The different phases of the speciation cycles. The colored circles surrounding the diagram indicate different fields of research that are relevant to specific phases. From: Tobias et al. (2020) Annual Review in Ecology, Evolution, and Systematics.



The review paper elaborates on numerous interesting aspects of the speciation cycle. In this blog post, however, I want to focus on one particular point in this cycle: the crossroads at the hybrid zone phase. Will the populations transition into sympatry or will they merge into one species? One of my recent papers, published in the journal Heredity, provides a nice case study of this situation. During my postdoc at Uppsala University (Sweden), I studied the evolutionary history of the taiga bean goose (Anser fabalis fabalis) and the tundra bean goose (Anser fabalis serrirostris). Using whole genome resequencing data, I reconstructed their evolution history and tried to understand the genetic make-up of these birds.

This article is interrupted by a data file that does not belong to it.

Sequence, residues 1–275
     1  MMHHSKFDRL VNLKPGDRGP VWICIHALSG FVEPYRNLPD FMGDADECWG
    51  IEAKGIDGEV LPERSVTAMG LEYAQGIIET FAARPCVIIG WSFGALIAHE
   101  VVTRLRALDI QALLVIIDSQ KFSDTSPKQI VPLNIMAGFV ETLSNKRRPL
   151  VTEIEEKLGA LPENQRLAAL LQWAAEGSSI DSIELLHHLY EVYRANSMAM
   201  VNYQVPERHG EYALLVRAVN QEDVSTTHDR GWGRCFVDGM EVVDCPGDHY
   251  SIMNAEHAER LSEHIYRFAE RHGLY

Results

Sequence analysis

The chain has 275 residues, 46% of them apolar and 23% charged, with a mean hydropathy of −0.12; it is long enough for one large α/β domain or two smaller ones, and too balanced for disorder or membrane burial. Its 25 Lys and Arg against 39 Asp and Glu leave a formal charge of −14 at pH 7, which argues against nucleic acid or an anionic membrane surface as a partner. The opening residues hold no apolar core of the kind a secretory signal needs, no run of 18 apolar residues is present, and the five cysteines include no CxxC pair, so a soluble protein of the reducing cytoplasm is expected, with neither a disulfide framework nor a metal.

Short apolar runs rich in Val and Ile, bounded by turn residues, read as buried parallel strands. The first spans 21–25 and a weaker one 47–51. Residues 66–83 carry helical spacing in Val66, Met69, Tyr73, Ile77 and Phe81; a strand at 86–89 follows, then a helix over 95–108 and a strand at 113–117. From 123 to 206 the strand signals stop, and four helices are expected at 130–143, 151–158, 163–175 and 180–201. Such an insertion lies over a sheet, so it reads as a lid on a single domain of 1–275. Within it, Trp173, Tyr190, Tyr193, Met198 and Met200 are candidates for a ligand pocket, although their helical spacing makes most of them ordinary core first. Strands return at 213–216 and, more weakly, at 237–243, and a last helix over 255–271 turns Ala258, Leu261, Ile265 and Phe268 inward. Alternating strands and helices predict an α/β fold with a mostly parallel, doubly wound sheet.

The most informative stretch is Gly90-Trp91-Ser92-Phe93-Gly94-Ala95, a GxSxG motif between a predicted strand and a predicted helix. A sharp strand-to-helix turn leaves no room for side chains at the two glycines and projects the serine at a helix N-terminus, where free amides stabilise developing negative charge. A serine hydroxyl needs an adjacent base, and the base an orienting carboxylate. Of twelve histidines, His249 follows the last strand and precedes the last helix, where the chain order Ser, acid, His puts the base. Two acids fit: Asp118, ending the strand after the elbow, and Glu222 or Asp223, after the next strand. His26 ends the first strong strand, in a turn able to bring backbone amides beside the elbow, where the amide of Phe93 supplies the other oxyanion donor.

It turned out that these geese diverged about 2.5 million years ago in allopatry and came into secondary contact ca. 60,000 years ago. Their genomes are largely undifferentiated but a few genomic regions – so-called ‘islands of differentiation’ – stand out. These islands might contain genes that contribute to reproductive isolation. For example, we found the gene KCNU1 which is involved in spermatogenesis. However, other evolutionary forces, such as background selection, can also give rise to these islands of differentiation. These results raise an important question: Are taiga and tundra bean goose now merging into one species?

A strolling taiga bean goose © Marton Berntsen | Wikimedia Commons


Merging or Diverging?